# The Omega Ratio – A Better Investment Performance Benchmark

Investors typically use performance benchmarks like the Sharpe Ratio or the Sortino Ratio to rank mutual funds, ETFs, and index trackers. However, these common performance benchmarks have several drawbacks and can often be very misleading. The Omega Ratio addresses these shortcomings and delivers a far more sophisticated method of ranking investments.

The Sharpe Ratio originated in the 1960s and is also known as the reward-to-risk ratio. It’s the effective return of a fund divided by its standard deviation, and its primary advantage is that it is widely given in fund data sheets. The standard deviation is employed by the Sharpe Ratio as a proxy for risk. However, this is misleading for several very important reasons.

Firstly, standard deviation assumes that investment returns are normally distributed. In other words, the returns have the classic bell-shape. For many investment vehicles, this is not necessarily the case. Hedge funds and other investments often display skew and kurtosis in their returns. Skew and kurtosis are mathematical terms that indicate wider (or narrower) or taller (or shorter) distributions than that typical of a normal distribution.

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Secondly, most investors think of risk as the probability of making a loss – in other words the size of the left-hand side of the distribution. This is not what is represented by the standard deviation, which merely indicates how widely dispersed investment returns around the mean are. By discarding information from the empirical returns distribution, standard deviation does not adequately represent the risk of making extreme losses.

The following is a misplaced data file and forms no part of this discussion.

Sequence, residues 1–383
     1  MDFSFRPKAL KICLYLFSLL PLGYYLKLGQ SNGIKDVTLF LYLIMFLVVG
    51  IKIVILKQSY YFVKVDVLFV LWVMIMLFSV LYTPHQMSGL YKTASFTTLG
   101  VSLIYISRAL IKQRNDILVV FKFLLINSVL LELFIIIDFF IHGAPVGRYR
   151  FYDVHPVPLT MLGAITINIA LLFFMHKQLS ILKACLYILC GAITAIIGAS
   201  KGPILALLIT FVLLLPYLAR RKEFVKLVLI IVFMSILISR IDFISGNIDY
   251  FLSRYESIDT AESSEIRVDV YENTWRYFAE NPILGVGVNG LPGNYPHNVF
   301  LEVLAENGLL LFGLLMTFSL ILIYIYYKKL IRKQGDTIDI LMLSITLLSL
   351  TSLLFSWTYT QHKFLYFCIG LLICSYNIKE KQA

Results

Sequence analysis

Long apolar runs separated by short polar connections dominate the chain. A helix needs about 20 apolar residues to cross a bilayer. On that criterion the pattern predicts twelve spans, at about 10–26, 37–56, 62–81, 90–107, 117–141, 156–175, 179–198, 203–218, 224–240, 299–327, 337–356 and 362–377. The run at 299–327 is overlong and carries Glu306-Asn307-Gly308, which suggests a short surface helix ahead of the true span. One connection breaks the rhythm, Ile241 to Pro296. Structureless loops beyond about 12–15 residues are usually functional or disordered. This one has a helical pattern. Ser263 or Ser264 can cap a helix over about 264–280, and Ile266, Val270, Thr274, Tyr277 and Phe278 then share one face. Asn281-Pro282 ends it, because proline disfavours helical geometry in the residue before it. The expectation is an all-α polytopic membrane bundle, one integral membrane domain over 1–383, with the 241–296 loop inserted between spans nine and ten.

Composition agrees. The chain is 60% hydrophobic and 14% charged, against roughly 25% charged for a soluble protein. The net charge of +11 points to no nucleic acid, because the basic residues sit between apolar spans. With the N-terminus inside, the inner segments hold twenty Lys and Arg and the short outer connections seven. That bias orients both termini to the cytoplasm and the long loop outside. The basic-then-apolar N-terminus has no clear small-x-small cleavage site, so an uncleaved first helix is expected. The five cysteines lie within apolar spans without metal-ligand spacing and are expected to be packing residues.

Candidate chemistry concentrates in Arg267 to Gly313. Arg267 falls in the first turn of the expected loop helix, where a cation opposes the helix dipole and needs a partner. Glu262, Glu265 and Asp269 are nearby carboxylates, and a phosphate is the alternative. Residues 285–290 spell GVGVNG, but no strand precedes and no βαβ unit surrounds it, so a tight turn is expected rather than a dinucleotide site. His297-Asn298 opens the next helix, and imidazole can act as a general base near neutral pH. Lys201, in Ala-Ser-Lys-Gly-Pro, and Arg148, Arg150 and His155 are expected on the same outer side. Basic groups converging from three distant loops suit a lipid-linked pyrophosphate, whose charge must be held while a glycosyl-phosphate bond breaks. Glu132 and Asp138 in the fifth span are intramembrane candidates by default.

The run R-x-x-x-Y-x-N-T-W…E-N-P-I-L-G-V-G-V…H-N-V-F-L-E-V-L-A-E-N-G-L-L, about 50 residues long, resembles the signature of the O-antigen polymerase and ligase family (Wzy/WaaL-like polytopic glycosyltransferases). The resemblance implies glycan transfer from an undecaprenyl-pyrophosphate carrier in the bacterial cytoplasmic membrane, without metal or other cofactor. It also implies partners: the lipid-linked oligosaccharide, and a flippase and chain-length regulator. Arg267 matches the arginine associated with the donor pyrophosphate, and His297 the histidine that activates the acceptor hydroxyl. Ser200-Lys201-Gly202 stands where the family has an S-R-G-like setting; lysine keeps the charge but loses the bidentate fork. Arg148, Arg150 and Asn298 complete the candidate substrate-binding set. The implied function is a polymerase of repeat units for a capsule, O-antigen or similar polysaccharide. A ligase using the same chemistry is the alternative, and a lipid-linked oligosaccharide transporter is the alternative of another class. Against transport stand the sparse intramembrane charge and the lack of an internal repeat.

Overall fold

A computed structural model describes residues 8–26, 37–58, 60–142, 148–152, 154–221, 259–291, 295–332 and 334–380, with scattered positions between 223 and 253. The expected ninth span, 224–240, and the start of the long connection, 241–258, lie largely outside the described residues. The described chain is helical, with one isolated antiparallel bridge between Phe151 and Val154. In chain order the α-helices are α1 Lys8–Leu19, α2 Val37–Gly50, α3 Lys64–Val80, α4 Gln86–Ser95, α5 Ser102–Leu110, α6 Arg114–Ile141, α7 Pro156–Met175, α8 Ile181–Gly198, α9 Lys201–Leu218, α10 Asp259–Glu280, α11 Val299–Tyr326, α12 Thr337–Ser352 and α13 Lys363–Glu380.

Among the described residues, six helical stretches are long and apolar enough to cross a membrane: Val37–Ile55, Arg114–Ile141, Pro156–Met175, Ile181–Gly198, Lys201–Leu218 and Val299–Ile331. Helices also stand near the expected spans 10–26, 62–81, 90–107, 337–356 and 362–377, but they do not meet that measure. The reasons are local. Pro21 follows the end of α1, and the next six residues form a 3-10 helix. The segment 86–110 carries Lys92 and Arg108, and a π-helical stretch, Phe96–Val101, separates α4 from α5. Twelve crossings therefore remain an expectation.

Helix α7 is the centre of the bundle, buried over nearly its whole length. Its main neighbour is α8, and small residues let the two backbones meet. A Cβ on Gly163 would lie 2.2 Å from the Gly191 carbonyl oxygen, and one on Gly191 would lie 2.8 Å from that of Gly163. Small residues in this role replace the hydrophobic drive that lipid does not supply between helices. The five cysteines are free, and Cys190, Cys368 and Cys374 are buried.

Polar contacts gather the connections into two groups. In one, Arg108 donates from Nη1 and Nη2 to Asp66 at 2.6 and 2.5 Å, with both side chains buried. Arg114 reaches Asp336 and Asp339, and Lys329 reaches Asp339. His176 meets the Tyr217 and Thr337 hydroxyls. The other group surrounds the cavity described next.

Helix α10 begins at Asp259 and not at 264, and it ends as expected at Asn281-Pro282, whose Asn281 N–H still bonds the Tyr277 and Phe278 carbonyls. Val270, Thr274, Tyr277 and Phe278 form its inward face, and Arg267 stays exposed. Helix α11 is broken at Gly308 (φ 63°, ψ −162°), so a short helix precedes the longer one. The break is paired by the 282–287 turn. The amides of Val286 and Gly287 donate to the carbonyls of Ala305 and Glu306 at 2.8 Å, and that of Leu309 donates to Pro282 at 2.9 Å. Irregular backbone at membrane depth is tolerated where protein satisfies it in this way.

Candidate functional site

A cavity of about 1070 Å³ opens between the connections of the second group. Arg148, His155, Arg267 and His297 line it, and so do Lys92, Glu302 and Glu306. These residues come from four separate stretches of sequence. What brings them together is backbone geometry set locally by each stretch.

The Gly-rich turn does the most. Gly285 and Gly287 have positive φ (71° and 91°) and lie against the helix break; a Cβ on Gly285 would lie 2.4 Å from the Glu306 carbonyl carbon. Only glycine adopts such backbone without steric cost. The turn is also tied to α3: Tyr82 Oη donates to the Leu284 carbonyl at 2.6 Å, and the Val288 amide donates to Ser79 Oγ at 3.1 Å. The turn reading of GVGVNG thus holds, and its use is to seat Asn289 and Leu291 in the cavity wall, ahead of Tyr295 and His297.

Thirdly, the standard deviation penalizes variation above the mean and variation below the mean equally. However, most investors only worry about variation below the mean, but positively encourage variation above the mean. This point is partly address in the Sortino Ratio, which is similar to the Sharpe Ratio but only penalizes downside deviation.

Finally, the historical average is used to represent the expected return. This again is misleading because the average gives equal weighting to returns in the far past and returns in the recent past. The later are a better indication of future performance than the former.